James Henderson

The hiring steps required for Kiwi tech players to crack America

Based on past examples – Sir Peter Jackson and Steven Adams – cracking America appears more of an art than a science for New Zealanders.

With a dearth of examples to draw on – consigned to the silver screen and the basketball court – making it big across the Pacific can represent a treacherous undertaking for those willing to attempt it. Big rewards perhaps, but even bigger risks no doubt.

Examples in the technology space are also few and far between with the acquisitions of Wellington-based Green Button by Microsoft in 2014 and Auckland-born PowerbyProxi by Apple in 2017 now distant memories.

The US market is a tough nut to crack whether as an expansion or acquisition target but for many Kiwi entrepreneurs, that’s part of the appeal.

“Go big or go home,” said Shannon Karaka, Managing Director of Australia and New Zealand at Deel. “This is a common catch-cry among the entrepreneur community. And for many New Zealand start-ups looking to go big, there’s no bigger market than the US.”

Shannon Karaka (Deel)

Boasting the highest GDP (gross domestic product) in the world at more than US$23 trillion and housing a population of over 330 million, the US represents a market with “rich pickings”.

“Expanding into the US has typically been a complex, expensive and time-consuming venture,” Karaka added. “The barriers to entry for businesses were considerable as each of the 50 US states have unique regulations and local market dynamics.”

According to the U.S. Bureau of Labor Statistics, 45% of new businesses fail during the first five years of operation in the US.

“It’s unsurprising,” Karaka acknowledged. “Expansion into the US used to mean undertaking the long and expensive legal process of opening a foreign subsidiary.

“Set-up and running fees often exceed hundreds of thousands of dollars and require the diligence of legal teams to navigate a complex legal landscape. Processing times vary by state and can take several months to complete.”

Despite the challenging process, expansion using this method was only within the reach of much larger, more established Kiwi businesses, due to the investment and knowledge needed to handle such scaling.

In response, Karaka said local technology providers are leveraging global HR platforms like Deel to “get over the growth hump” with a “vastly” more manageable investment outlay than was previously possible.

“Also, the job of recruiting and managing employees half a world away is no longer as arduous as it once was, as businesses can now use one platform to see all employees globally,” he outlined. “These new platforms and tools enable even small businesses to make a play for the US market.”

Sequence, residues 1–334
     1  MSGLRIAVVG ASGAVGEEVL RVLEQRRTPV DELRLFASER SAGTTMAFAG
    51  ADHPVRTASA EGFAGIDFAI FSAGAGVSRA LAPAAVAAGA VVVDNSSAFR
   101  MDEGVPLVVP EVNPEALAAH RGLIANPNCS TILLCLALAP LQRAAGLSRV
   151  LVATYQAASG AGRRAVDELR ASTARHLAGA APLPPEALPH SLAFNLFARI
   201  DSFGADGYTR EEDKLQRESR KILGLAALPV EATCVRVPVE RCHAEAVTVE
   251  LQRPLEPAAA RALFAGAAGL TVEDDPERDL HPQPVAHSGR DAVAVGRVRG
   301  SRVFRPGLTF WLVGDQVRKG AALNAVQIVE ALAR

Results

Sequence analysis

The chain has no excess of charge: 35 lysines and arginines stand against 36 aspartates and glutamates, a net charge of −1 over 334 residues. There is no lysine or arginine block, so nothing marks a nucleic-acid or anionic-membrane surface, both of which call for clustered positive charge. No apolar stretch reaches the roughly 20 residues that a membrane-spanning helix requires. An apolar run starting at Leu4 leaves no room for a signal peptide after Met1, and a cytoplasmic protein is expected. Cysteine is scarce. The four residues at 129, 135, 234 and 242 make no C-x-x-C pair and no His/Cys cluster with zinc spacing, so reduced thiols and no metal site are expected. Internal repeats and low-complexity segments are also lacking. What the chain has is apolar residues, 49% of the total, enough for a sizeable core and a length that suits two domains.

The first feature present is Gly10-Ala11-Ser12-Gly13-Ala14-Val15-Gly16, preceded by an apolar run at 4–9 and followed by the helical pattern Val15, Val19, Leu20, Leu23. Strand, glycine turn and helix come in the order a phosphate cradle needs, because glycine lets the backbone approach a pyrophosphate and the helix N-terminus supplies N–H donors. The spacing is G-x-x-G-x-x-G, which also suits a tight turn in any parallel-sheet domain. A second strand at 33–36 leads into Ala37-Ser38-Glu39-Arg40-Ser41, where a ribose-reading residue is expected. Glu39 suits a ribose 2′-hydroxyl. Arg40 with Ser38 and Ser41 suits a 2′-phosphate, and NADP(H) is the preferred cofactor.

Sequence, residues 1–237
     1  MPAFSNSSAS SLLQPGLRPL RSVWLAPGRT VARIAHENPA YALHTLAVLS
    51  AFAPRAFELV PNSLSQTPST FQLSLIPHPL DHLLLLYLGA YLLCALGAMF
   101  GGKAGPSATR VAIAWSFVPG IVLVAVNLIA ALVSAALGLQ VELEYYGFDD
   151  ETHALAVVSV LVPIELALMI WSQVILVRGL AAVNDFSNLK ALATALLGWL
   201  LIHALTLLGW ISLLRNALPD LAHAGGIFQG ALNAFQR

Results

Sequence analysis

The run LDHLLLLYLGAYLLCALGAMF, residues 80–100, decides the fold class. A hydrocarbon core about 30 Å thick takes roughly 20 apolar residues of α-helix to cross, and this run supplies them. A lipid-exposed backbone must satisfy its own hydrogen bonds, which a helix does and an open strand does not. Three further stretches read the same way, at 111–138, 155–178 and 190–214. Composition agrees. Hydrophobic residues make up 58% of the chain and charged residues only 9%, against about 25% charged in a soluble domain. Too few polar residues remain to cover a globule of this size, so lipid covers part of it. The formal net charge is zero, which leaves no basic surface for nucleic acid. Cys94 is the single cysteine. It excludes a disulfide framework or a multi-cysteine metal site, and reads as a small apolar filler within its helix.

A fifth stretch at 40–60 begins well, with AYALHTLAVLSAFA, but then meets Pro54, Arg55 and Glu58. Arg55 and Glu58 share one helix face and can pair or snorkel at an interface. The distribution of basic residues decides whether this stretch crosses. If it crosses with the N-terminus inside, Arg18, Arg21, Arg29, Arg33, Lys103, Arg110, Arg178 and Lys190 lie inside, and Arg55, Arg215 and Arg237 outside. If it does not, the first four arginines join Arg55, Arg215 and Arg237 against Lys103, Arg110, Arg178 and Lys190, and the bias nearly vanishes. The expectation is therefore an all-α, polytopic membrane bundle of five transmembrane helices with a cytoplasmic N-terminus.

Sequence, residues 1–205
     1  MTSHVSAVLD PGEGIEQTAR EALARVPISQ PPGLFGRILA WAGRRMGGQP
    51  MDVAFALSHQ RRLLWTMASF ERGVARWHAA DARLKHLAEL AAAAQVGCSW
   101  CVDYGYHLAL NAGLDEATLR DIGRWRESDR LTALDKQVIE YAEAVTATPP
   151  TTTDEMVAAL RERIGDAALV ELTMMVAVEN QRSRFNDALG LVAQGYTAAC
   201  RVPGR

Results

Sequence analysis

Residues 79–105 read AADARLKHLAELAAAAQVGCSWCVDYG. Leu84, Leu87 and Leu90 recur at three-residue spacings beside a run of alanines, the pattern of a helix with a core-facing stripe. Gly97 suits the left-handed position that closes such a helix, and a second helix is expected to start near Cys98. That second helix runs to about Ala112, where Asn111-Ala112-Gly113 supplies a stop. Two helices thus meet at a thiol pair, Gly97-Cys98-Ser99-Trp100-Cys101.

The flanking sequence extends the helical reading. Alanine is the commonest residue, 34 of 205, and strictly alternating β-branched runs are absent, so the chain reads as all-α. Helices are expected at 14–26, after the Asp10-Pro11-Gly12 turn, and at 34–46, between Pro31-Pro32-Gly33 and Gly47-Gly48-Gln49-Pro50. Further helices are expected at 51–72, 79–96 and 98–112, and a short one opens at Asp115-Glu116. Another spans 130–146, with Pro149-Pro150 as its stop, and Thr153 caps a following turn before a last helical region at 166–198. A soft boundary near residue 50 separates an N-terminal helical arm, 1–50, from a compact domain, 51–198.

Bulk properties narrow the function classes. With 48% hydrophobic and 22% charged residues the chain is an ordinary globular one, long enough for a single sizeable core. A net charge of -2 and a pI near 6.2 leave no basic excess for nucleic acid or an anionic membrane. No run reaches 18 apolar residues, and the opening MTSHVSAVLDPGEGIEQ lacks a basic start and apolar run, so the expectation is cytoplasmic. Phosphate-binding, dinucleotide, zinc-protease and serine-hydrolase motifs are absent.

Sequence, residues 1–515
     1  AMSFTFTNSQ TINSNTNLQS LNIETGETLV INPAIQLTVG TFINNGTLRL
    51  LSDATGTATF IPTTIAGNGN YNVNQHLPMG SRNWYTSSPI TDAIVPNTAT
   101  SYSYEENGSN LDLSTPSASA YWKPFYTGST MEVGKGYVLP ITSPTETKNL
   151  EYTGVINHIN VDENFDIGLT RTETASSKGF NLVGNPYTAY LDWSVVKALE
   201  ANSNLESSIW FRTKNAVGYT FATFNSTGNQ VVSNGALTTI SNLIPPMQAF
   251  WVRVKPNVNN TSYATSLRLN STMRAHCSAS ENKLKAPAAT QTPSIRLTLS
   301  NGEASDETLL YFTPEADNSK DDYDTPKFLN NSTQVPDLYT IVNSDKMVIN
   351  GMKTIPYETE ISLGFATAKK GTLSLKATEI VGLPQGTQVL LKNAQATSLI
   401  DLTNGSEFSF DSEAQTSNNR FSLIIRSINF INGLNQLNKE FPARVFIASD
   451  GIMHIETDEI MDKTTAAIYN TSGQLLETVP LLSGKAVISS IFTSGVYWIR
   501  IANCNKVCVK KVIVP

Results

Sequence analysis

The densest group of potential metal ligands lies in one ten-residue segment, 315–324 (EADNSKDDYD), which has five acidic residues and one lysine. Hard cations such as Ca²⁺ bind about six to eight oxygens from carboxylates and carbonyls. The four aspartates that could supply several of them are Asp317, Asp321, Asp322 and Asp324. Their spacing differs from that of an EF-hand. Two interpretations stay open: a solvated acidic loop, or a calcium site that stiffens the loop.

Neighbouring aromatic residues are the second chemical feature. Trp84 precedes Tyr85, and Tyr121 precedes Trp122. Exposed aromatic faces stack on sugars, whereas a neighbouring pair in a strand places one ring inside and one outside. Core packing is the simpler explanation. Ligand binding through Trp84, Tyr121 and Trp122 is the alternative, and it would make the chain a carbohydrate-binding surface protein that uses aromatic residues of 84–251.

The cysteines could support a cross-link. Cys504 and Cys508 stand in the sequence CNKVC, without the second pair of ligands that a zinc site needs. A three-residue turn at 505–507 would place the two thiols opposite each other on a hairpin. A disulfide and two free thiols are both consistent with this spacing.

Relocate Kiwis or hire someone on the ground?

For technology providers seeking to establish a US presence, hiring strategies centre on either relocating talent from New Zealand, finding expat Kiwis or engaging local staff as independent contractors or employees.

In some cases – such as with Nick Lissette of Blackpearl Group – the founder will take charge of the situation and “basically camp there”.

“Hiring employees locally offers advantages in terms of market fit, contacts and local knowledge,” Karaka said.

“Relocating employees from New Zealand has the advantage of already knowing the home company and culture. We have found that Kiwi businesses will use a mixed approach to hiring talent and expanding into new markets.”

For accelerated expansion, both approaches can hire talent through an employer of record (EOR) solution. An EOR is a company that engages and pays one or more employees to provide services to another company.

In other words, an EOR enables companies to legally work with employees in another country without setting up an office in that country or region.

“Alternatively, start-ups can develop a local workforce presence in the US by hiring independent contractors,” Karaka explained. “When hiring contractors, you must ensure the business relationship is distinct from an employee-employer relationship; otherwise, you risk a misclassification violation.”

Naturally, the key benefit of hiring locally is knowledge and networks.

“And in some cases, people also just need to be physically present for practical reasons – like going to events or being active in the right time zone,” Karaka stated.